Straight Down the Middle
Even in the short term, the argument that poverty is a losing issue is not as self-evident as it might seem. It does not explain, for instance, why John Edwards vaulted past Howard Dean, Dick Gephardt and other candidates in the Democratic primaries when he began talking about the "two Americas" and the moral imperative of reducing poverty. Nor does it account for why, in a poll conducted earlier this year of 1,000 people of diverse faith backgrounds, 78 percent of those surveyed said they would rather hear about a presidential candidate's plan for fighting poverty than about his position on gay marriage. (The survey was conducted jointly by Jim McLaughlin, a Republican pollster, and Tom Freedman, a Democratic consultant.) Some of the same strategists who argue that liberals should avoid harping on the plight of the poor simultaneously recognize the yearning within the electorate for leaders who can articulate a clear, compelling moral agenda.
Conservatives, at least, appear to understand this. One may view George W. Bush's faith-based initiative, which calls for the federal government to fund churches and other religious organizations so they can take the lead in providing social services to the poor, as a cynical attempt to win the votes of African-American clergy (as well as an adroit end-run around the separation of church and state). But it is also part of a calculated strategy to soften the image of the GOP and bolster its claim to represent the true interests of the disadvantaged. The latter notion might sound absurd to liberals, who have watched the Bush Administration do everything in its power to skew the distribution of wealth and income toward the affluent in recent years. But it is not absurd to voters, who hear Republicans confidently advocating policies (however misguided they may be) that target low-income people--promoting marriage, funding faith-based groups--while hearing from Democrats...nothing. Five years ago, Jason DeParle published an essay in The Washington Monthly, "The Silence of the Liberals," in which he pointed out the irony. "It is striking how little liberals have to say about the poor while conservatives glow and boast," DeParle observed. "To the extent that there's a national conversation about poverty, conservatives now control it."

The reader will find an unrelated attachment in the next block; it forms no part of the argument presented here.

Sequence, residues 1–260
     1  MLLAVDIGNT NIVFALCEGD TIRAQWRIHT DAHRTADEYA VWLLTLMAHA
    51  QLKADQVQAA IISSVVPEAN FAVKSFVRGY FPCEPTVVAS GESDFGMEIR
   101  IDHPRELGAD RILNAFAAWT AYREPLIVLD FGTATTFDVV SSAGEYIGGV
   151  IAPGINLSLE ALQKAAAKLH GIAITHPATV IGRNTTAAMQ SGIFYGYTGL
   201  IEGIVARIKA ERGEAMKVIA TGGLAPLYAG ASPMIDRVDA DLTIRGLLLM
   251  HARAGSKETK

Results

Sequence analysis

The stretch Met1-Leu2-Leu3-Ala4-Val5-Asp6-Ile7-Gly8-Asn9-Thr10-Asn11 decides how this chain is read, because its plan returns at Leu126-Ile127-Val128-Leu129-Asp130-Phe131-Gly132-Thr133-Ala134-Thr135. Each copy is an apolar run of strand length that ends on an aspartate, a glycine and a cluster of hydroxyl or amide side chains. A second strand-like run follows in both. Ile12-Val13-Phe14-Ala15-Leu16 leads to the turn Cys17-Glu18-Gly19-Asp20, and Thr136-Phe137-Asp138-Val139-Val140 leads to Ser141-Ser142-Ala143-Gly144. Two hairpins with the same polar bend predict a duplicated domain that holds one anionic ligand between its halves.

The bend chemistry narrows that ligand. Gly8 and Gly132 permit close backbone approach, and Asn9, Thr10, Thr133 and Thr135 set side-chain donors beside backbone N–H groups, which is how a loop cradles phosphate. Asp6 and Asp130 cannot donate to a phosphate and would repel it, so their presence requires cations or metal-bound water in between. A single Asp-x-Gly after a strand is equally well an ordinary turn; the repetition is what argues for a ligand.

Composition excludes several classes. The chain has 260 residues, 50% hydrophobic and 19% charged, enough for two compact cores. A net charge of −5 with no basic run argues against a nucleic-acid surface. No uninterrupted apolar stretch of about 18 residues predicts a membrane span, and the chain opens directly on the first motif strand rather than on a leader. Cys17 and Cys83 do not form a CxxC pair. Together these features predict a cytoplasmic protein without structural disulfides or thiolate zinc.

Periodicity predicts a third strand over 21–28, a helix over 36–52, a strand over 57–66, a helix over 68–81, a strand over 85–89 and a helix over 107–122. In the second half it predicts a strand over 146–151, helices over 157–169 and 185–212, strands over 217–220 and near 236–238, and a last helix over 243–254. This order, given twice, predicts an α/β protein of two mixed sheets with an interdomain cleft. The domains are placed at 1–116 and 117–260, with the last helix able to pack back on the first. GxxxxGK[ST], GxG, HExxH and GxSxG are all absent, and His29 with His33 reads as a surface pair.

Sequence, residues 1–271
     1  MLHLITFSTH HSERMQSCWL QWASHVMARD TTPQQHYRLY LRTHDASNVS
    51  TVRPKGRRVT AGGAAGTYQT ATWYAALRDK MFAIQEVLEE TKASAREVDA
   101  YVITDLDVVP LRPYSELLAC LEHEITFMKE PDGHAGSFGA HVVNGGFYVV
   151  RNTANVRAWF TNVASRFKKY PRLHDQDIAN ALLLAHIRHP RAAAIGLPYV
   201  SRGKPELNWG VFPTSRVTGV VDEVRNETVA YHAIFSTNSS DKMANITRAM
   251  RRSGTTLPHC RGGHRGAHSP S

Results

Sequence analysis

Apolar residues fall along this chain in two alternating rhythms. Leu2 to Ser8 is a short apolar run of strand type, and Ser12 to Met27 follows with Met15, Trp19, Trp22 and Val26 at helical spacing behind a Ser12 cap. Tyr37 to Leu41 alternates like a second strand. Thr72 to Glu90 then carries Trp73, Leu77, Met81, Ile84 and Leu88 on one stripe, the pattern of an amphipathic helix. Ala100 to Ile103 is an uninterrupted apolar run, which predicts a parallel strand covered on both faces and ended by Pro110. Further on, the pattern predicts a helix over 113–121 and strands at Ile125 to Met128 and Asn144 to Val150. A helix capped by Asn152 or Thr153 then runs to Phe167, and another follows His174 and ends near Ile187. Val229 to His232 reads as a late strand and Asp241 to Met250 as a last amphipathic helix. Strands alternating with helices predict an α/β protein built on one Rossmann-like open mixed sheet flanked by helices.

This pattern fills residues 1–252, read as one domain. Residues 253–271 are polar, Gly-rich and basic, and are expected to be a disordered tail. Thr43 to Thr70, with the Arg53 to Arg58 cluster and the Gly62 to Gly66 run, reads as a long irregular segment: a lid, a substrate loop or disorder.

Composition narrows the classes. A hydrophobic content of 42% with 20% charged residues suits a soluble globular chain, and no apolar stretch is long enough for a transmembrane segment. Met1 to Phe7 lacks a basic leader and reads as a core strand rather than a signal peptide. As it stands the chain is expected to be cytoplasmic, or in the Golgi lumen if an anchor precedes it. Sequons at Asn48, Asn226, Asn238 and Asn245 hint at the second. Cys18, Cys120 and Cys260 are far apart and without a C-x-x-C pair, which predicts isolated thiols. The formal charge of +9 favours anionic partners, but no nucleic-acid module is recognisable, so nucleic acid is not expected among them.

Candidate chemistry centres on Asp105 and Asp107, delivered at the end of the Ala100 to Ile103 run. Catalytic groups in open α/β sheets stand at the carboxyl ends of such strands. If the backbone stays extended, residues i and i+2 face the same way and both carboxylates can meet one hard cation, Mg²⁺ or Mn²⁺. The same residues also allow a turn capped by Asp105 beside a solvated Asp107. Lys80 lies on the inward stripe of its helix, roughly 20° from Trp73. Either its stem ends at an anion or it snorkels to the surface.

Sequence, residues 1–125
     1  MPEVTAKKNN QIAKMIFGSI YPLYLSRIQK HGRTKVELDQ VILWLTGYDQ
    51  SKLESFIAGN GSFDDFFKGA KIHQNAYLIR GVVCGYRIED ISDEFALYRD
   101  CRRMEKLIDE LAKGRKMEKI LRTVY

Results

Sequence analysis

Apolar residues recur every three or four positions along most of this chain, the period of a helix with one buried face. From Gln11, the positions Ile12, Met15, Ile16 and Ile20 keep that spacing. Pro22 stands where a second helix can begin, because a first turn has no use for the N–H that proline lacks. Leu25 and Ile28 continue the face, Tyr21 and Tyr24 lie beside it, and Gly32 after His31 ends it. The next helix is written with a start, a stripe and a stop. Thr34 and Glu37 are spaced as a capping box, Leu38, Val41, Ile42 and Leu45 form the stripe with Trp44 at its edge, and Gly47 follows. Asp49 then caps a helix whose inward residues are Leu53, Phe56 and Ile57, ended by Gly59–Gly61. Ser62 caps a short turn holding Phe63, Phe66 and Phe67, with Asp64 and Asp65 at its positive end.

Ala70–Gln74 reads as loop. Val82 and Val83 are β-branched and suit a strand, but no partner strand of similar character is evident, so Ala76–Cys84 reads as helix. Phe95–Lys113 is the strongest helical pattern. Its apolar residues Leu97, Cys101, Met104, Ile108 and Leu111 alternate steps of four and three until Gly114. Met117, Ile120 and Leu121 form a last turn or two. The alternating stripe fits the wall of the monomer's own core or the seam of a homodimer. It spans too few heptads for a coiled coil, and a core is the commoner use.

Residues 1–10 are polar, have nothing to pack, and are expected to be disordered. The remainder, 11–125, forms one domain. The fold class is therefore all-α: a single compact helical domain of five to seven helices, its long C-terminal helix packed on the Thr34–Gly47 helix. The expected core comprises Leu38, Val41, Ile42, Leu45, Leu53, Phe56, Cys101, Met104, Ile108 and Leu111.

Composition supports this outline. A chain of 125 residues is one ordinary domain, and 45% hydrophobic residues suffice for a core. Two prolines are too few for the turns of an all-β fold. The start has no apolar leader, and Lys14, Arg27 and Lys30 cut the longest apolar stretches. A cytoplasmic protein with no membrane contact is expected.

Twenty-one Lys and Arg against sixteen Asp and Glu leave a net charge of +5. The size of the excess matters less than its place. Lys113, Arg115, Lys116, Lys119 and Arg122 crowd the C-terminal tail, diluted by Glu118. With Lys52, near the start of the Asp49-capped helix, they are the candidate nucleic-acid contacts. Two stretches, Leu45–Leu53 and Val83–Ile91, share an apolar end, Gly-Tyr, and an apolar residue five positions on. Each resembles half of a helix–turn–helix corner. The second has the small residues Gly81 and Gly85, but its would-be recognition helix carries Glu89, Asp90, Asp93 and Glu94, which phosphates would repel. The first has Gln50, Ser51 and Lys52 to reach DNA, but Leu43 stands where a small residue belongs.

Of course, there was a reason for this. By the time DeParle was writing, liberals had spent several decades struggling to defend a welfare system that Republicans used as a battering ram against them, an effort that culminated in Bill Clinton's signing of the 1996 Welfare Reform Act. Conservatives have controlled the debate about poverty ever since, one could argue, because they won it. But, as DeParle noted then and as he further amplifies in his new book, American Dream, an in-depth examination of how welfare reform has played out in Wisconsin, ending welfare-as-we-knew-it hardly put the problem of deeply entrenched poverty to rest. It hasn't solved the crisis of spiraling housing costs facing millions of low-income families. It hasn't provided childcare and other essential services (or for that matter a living wage) to millions of single mothers who have joined the workforce. It didn't stop 45 million Americans from going without healthcare last year. Nor did it address the problem of the residential isolation of the poor--shored up by exclusionary zoning policies and woefully inadequate public transportation--which, in the view of Angela Glover Blackwell, president of the advocacy group PolicyLink, is the single greatest barrier to opportunity for residents of the nation's inner-city neighborhoods.